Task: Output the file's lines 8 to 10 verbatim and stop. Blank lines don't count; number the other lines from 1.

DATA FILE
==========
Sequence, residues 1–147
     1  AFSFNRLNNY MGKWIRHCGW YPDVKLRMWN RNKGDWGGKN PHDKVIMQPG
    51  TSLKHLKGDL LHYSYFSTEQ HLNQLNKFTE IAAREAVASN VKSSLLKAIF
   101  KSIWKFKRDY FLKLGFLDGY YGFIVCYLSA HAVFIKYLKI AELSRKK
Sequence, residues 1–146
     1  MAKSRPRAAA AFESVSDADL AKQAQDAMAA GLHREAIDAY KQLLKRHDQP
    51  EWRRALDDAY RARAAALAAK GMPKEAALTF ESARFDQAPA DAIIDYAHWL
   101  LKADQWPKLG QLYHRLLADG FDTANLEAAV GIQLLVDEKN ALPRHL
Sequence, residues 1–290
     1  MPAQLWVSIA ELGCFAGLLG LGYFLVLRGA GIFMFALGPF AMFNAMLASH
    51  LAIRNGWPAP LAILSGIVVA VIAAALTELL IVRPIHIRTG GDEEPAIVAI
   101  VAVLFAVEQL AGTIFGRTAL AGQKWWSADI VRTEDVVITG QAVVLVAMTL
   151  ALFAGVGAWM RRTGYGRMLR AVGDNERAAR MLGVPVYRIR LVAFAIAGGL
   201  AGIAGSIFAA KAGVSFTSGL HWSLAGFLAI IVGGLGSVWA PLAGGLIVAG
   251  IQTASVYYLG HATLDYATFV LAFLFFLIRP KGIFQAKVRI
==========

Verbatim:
   101  LKADQWPKLG QLYHRLLADG FDTANLEAAV GIQLLVDEKN ALPRHL
Sequence, residues 1–290
     1  MPAQLWVSIA ELGCFAGLLG LGYFLVLRGA GIFMFALGPF AMFNAMLASH